|Elevation:||1,988 m (6,522 ft)||Prominence:||1,061 m|
|Ribu category:||Kurang Tinggi||Province:||Nusa Tenggara Timur|
|Google Earth:||kml||Other names:||Poco Mblek|
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Curunumbeng is one of the most mysterious and little-known mountain peaks in Flores. Even the name is largely unrecognized by locals and may actually refer to a lesser mountain top further west. The mountain is never climbed for pleasure’s sake, but there are hunters’ trails on the lower slopes and one track actually leads over the shoulder of the mountain range from Matavai to southern Lembor. As there are two or three peaks of a very similar elevation, it probably makes more sense to attempt to reach the true summit from the eastern side at Kampung Bumbek near Matavai. However, given that the trail Gunung Bagging used from this side in July 2013 reaches a dead end just a few hundred metres below the summit ridge would suggest that an attempt from the northwest at Rangga, climbing via the second-highest peak first before ascscending again to the true Curunumbeng peak may be worth a go.
The top of Curunumbeng is actually quite close to the Trans-Flores road, but all of the hairpin bends in this area make it very difficult to work out where best to start, even with a GPS! The route towards the mountain from the east starts in Kampung Bumbek (900m) where you will be able to find a local villager to take you up the mountain, and leads through coffee plantation and then up a valley with a small stream in it. Apparently, some help was given to the villagers’ water supply and irrigation methods earlier in 2013 by a Dutch organization based in Ruteng. The trail is well-defined but muddy and steep and therefore very slippery indeed. Looking back, you will see the western end of the Mandasawu mountain range between two outlying peaks of the Curunumbeng range.
In less than an hour you will pass a minor junction. Down to the right are a couple of farm huts and it is via this route that villagers sometimes climb over the shoulder of the range and descend towards Lembor. This takes one full day if you set out early enough, but sometimes the locals camp one night on the mountain. Continuing straight ahead towards the top of Curunumbeng, the trail passes along a flat, overgrown ridge before leading into proper forest. The trail is pretty steep in parts but it leads directly towards the summit.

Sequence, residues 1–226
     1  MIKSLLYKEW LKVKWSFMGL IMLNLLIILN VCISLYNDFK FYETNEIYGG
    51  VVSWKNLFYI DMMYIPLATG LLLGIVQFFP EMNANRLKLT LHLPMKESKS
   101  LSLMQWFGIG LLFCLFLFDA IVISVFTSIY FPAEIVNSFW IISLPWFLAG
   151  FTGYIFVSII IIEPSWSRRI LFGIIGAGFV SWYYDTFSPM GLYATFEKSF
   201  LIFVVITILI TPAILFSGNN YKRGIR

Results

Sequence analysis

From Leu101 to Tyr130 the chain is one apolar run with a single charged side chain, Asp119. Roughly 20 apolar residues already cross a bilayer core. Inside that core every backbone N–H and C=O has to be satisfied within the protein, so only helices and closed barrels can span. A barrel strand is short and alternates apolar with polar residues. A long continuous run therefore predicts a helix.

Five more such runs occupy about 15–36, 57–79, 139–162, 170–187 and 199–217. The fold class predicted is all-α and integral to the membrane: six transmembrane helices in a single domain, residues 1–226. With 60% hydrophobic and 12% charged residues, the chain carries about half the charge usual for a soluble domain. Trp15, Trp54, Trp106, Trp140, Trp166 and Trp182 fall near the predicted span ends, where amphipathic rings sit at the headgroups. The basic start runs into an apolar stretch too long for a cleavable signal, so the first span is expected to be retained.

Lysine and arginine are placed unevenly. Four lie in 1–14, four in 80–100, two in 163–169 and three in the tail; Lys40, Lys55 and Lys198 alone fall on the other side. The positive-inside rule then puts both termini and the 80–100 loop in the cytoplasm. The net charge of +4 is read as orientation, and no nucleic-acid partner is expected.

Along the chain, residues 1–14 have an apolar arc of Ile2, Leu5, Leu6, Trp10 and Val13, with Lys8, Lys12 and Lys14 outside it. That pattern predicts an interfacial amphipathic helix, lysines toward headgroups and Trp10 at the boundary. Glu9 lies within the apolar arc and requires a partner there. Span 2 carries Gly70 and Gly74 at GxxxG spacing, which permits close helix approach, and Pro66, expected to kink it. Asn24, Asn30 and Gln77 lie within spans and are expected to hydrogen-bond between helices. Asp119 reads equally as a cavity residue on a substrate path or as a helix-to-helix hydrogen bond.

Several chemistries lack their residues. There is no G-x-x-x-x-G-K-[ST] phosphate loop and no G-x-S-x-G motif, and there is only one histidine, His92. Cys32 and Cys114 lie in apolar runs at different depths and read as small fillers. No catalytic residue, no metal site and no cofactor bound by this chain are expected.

Unfortunately the trail simply peters out at a pile of wood cuttings (1,560m). It is possible to climb another hundred metres or so up steep, pathless forest terrain to a cluster of large rocks (1,685m). It should have taken you about 2 and a half hours to reach this point. From the rocks, you can look back down towards the village and also up at the very wild, dense forest near the summit. Villagers have never heard of Curunumbeng, and call this mountain Poco Mblek.
From here, the terrain is so steep and overgrown you would need at least one night of cutting a trail to the top to get up there and no villagers from Bumbek have ever been up there. When they do climb, it is to collect wood, or go hunting wild pigs. It appears there are very few – if any – deer (‘rusa’) living up here. Apprently there is a junglefowl population living on the slopes of the mountain but we never saw any nests on our trip.
To descend the same way shouldn’t take more than 2 hours.
For those considering trying to reach the summit from a different route, the most obvious would appear to be from Rangga (about 900m) which is on the northwest side of the mountain range, closer to Lembor. However, as noted above, the first peak you would reach from the Rangga side would only be the second highest. Whether there is a trail to the top of it remains to be seen, but the chances of a trail leading down a couple of hundred metres to the col between the two before then leading up to the true highest peak is pretty unlikely.
Bagging information by Dan Quinn (August 2013)